Many papers at the conference considered the relationship between English and other languages in higher education and (especially scientific) publishing. This put my contribution in an interesting light: I argue that the genre-based pedagogy we use gives students/scholars access to “cultural capital” that will enable them to participate in the knowledge-making work of their disciplines. But it could be argued that we are instead spreading the hegemony of English and forcing writers with their own cultural and rhetorical traditions to subjugate themselves to anglo-saxon domination. I still think that you can’t change a system — or even participate in it — until you can speak its language. What do you think?
I’ve just finished polishing my presentation for my first conference across the pond: the European Association of Teachers of Academic Writing (EATAW) in the beautiful city of Budapest, Hungary. My presentation, developed with Chris Feak, is University English is no-one’s first language: Learning the genres of postgraduate writing. You can see the abstract and PowerPoint slides (to follow) on this page.
You can find all the PowerPoints and handouts from my sessions at TESOL 2013 in Dallas here. To recap, they were:
Teaching the Genres of Graduate Writing
with Christine Feak, University of Michigan
Writing is both essential and challenge for graduate students. This hands-on workshop demonstrates a toolbox of techniques for teaching the genres of graduate writing. Learn how your students can identify and analyze genres, build a mini corpus, and benefit from collaborative writing. Adaptations for participants’ teaching contexts will be discussed. (PowerPoint and references)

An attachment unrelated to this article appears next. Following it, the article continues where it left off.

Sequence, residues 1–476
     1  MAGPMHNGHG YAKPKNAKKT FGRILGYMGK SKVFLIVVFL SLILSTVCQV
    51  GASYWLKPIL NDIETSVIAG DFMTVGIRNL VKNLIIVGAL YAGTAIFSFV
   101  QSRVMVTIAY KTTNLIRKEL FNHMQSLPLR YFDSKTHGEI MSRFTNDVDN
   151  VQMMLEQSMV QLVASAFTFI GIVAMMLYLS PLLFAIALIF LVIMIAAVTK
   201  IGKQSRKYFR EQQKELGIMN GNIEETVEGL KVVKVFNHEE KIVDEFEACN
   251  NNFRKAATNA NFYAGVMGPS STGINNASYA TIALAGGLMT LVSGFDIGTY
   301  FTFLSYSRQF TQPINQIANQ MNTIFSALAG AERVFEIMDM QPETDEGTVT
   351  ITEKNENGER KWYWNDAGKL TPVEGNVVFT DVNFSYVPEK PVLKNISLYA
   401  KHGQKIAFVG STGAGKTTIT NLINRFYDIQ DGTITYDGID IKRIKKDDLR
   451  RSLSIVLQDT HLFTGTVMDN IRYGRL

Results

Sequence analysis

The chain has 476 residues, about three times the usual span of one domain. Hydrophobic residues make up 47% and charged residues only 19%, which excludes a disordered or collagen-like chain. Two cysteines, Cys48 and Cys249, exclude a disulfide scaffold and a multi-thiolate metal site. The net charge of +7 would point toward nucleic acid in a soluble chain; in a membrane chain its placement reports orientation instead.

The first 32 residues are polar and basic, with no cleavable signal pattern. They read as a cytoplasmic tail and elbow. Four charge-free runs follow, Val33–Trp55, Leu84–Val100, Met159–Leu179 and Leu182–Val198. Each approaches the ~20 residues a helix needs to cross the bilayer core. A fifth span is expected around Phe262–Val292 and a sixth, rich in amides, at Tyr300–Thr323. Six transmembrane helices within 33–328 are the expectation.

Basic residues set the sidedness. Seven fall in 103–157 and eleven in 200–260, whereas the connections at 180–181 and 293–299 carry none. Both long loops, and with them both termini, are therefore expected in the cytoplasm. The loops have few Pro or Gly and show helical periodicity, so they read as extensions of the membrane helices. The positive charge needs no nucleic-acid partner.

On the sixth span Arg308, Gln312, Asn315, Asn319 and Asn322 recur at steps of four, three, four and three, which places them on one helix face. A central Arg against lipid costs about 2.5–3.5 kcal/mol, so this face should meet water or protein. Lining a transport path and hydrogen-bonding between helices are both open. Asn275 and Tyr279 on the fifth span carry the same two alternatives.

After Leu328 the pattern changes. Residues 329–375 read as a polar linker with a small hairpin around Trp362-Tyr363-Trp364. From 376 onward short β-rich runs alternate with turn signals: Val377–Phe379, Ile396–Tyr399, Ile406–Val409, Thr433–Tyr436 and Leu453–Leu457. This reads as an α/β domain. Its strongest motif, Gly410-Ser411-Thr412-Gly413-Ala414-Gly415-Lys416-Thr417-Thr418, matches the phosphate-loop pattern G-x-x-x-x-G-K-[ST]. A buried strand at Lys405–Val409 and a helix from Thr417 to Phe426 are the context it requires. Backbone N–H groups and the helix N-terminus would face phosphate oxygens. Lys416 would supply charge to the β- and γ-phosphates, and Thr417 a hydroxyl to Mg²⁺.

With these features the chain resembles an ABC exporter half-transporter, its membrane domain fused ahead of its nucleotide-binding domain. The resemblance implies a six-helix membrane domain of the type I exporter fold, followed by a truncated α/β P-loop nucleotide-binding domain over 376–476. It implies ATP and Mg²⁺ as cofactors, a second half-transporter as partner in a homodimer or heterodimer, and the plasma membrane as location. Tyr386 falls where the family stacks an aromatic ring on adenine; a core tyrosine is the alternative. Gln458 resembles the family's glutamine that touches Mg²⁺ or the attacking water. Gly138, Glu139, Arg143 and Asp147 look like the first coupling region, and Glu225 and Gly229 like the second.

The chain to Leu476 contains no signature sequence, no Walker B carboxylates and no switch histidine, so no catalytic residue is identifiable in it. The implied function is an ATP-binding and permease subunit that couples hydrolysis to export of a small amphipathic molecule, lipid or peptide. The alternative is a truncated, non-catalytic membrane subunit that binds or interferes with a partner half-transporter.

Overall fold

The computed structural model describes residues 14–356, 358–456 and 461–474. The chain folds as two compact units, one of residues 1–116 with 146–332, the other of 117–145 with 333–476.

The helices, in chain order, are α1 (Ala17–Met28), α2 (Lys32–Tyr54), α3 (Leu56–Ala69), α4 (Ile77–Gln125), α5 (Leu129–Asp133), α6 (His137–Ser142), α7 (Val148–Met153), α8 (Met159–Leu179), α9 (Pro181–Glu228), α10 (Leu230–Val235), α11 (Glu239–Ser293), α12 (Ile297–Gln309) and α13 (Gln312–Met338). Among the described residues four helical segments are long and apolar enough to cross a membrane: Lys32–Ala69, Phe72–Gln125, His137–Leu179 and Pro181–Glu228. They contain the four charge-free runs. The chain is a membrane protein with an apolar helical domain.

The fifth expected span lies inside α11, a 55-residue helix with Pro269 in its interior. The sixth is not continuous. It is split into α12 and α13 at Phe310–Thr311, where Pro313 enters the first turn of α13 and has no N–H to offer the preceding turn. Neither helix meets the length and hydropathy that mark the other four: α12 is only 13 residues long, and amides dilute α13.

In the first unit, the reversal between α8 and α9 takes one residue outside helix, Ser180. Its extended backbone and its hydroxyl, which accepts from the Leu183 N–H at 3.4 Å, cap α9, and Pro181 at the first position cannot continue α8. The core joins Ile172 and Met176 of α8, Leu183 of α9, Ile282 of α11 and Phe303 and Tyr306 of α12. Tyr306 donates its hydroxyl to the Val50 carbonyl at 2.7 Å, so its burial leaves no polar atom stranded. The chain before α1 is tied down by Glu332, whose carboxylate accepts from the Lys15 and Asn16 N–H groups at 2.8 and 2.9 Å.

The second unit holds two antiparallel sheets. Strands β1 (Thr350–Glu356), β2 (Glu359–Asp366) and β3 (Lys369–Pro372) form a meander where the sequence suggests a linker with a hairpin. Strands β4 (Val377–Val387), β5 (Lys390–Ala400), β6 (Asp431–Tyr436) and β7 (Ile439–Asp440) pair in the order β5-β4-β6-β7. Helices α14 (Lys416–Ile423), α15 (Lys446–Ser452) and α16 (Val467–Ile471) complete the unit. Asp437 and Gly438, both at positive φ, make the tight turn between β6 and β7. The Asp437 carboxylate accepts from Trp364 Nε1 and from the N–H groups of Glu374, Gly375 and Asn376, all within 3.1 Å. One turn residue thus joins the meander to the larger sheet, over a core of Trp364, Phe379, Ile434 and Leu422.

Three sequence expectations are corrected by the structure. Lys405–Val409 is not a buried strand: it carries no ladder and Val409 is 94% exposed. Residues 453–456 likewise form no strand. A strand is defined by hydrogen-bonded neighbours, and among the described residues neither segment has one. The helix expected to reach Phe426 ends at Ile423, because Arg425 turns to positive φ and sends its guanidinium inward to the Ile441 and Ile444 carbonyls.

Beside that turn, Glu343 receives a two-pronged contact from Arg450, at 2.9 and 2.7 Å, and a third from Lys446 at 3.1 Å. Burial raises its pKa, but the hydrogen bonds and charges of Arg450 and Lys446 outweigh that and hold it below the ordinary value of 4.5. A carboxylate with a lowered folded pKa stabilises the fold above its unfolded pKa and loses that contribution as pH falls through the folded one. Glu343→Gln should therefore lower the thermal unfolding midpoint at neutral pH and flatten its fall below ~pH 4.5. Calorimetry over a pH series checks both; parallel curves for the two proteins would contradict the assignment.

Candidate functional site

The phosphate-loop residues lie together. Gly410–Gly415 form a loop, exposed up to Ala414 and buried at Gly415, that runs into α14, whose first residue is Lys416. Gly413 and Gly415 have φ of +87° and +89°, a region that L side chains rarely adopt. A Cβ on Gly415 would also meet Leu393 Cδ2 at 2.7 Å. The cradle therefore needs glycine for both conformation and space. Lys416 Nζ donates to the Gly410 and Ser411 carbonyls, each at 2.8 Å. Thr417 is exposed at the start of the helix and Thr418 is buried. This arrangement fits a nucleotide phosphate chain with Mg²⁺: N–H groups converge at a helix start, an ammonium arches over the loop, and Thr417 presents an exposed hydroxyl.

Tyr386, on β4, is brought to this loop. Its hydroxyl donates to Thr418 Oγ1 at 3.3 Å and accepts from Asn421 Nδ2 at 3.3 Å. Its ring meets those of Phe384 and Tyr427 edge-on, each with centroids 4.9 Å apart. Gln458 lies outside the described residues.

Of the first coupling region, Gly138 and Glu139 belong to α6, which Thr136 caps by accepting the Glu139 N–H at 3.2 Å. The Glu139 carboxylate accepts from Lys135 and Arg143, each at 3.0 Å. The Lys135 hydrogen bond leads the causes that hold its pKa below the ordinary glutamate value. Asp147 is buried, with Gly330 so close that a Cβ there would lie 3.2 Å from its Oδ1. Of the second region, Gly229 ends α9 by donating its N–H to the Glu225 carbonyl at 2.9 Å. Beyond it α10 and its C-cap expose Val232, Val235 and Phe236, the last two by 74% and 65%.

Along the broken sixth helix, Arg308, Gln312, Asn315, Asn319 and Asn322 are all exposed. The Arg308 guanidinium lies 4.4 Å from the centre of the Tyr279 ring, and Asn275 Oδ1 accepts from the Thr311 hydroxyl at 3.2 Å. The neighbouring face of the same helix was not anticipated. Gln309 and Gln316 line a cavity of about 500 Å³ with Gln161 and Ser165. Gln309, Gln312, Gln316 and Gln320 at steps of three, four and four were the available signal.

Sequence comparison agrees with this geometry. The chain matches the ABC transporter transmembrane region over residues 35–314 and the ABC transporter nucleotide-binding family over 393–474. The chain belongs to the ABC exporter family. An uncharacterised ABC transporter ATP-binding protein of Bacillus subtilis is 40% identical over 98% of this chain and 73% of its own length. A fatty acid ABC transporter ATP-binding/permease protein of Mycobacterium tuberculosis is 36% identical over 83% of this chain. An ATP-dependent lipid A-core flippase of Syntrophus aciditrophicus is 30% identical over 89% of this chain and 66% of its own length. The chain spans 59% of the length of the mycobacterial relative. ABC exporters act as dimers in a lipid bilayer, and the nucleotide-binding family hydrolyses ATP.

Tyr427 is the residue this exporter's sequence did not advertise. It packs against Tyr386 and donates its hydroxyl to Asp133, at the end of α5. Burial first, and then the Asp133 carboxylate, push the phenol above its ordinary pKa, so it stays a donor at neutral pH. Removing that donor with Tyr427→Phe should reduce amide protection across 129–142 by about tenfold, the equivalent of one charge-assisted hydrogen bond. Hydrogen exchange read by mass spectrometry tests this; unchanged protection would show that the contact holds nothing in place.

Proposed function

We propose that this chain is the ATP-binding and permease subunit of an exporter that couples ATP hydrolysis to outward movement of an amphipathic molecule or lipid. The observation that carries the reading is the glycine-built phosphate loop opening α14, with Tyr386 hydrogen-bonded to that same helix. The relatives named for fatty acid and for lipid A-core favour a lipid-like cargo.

Roundtable Discussion: Supporting ESL Graduate Students
Notes from the discussion will be published here soon. We had a great discussion with colleagues from around the country and as far away as Ukraine. If you’d like to be part of the ongoing conversation about supporting (ESL) graduate students, please contact me; I’m going to set up a listserv.
Every academic discipline has its place of origin. For genetics, it’s the Eagle pub in Cambridge, where Watson and Crick allegedly doodled the first double helix over a tepid pint (at least that’s what a plaque on the wall claims). For second-language writing, it’s Purdue University, home of the founding fathers/mothers of the field, and I’ll be making my first pilgrimage there in a few weeks for the Second Language Writing Symposium.
My paper is called “Collaborative Writing in the Preparation of Graduate Writers” (which I now realize is an irritatingly repetitive title), and I’ll be talking about the research I’ve been conducting into the technique known as joint construction with my pre-MBA students at UD. Sorry, at a mid-Atlantic research-intensive public university. PowerPoint and references will be posted here soon.
And in case any readers are still following the gestation of Grammar Choices, it is now at the printers and will be unleashed on the world in September.